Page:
Historic paintings showing at Toklat | AspenTimes.com
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Historic paintings showing at Toklat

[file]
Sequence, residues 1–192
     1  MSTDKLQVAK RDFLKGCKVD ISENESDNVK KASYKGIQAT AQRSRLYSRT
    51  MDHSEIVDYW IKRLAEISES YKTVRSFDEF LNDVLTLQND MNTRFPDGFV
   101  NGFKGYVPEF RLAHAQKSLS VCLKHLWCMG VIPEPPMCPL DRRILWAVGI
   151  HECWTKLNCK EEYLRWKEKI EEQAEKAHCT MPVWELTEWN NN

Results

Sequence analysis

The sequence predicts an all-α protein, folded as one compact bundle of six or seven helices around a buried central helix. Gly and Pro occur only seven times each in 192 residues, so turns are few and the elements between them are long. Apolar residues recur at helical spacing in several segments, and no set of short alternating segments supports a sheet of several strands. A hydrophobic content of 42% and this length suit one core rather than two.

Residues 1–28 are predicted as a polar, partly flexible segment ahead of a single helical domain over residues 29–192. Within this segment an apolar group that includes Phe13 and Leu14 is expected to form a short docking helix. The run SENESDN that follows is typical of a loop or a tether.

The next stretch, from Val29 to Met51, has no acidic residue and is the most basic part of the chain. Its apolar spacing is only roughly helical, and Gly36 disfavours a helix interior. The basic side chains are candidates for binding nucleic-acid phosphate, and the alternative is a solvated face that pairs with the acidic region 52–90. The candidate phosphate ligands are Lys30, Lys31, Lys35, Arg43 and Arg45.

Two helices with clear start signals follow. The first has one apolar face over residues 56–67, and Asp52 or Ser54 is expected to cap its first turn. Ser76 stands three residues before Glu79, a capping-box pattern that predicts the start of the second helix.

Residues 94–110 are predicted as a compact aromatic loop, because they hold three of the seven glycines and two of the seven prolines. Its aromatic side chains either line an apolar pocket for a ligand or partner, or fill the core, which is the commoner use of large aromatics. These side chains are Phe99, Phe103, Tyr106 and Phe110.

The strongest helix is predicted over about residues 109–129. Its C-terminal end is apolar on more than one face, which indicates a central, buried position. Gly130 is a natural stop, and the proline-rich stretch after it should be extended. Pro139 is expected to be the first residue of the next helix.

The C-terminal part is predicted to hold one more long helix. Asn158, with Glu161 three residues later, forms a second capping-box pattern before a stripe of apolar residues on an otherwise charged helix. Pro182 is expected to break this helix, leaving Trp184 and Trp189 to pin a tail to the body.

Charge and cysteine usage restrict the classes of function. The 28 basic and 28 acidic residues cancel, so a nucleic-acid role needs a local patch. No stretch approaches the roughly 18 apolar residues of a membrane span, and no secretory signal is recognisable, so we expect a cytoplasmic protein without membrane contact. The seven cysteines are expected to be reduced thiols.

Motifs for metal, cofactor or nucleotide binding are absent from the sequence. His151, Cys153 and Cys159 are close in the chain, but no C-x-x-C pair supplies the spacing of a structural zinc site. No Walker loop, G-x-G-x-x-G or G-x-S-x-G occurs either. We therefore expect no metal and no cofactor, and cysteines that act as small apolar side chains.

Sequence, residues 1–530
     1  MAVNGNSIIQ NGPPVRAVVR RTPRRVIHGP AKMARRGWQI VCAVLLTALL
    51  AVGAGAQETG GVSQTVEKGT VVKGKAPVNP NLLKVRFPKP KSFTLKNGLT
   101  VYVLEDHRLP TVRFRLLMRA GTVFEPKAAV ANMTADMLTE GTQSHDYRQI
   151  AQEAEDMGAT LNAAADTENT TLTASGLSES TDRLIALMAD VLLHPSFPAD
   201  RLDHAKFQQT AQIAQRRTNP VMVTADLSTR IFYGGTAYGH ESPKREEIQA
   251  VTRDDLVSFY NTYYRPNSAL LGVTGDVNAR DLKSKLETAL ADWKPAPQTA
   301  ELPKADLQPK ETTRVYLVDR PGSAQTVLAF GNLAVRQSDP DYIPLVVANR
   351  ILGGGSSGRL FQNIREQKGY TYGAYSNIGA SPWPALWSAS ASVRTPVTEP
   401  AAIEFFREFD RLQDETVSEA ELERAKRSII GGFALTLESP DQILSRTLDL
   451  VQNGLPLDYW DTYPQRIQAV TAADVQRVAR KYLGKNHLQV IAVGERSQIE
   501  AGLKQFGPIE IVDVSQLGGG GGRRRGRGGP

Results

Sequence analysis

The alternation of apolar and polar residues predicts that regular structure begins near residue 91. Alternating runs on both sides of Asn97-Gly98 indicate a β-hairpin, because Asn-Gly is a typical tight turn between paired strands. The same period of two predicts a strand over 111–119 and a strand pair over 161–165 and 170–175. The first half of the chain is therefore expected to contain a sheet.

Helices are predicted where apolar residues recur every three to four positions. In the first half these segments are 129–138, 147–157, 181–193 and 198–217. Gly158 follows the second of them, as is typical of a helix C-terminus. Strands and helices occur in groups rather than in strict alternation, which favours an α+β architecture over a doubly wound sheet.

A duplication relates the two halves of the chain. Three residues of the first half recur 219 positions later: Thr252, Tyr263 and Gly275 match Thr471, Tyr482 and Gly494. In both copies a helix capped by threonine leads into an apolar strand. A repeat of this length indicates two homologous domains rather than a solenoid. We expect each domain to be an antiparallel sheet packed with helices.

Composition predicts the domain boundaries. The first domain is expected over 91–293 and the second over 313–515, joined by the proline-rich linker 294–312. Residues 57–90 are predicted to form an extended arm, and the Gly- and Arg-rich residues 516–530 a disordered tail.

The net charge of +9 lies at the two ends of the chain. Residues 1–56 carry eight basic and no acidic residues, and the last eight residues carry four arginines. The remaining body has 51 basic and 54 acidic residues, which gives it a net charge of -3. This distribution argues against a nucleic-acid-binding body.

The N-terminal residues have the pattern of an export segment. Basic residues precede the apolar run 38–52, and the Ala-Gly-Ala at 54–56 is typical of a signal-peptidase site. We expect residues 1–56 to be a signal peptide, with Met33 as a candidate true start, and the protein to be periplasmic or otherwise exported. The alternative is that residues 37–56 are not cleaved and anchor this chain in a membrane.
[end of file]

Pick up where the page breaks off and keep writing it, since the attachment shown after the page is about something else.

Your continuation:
Aspen Center for Environmental Studies members will hold a potluck this afternoon and offer a rare glimpse of the watercolors of one of Aspen’s cultural forbears, Emma Hilken.The 4 p.m. event is for members but open to the public. The dinner will take place at theToklat property near Ashcroft, which ACES recently acquired.Hilken was born in Baltimore in 1855. Her daughter Elizabeth Paepcke, along with Paepcke’s husband, Walter, was a founder of the Aspen resort community. The Paepckes’ daughter Paula Zurcher is an Aspen resident and ACES board member. Zurcher is contributing digital copies of her great-grandmother’s watercolors to the center.Zurcher said that her great-grandmother was a dynamic woman, well-traveled between homes in Baltimore, Germany and Colorado, and possessed a great sense of humor and adventurous spirit. Hilken’s parents emigrated from Germany, and she spoke and read German fluently. She was an artist, and after a diagnosis of a debilitating lung disease – tuberculosis was not yet known and was called “consumption” – she came to Colorado Springs for benefits of the water.In Colorado Springs, Hilken lived on a street called “Dead Man’s Row,” exclusively for people with TB. While in Colorado she met Helen Hunt Jackson, a novelist known for her works on Native Americans. Together, they traipsed the countryside, collecting flowers, which Hilken captured in watercolor.Hilken died at the age of 46 in 1901.Digital copies of Hilken’s original watercolors will be on display starting at 4 p.m. today Dinner is at 6 p.m., followed by a campfire.The Toklat property is 11 miles up Castle Creek Road from the roundabout in Aspen, just across from the Ashcroft ghost town. Toklat, an Eskimo word meaning “a valley formed by a glacier,” was where Stuart and Isabel Mace originally built a home that doubled as a lodge, restaurant, kennel and art gallery high in the Castle Creek Valley. After the Maces died, a number of donors purchased the Toklat land for ACES.Right now Toklat is undergoing renovation to hold future ACES programs. Toklat is open to visitors. There is a naturalists at nearby Ashcroft every day through the end of September. (ACES naturalist are on sight from 10 a.m. to 4 p.m.; Ashcroft entry is $5.)Charles Agar’s e-mail is cagar@aspentimes.com.


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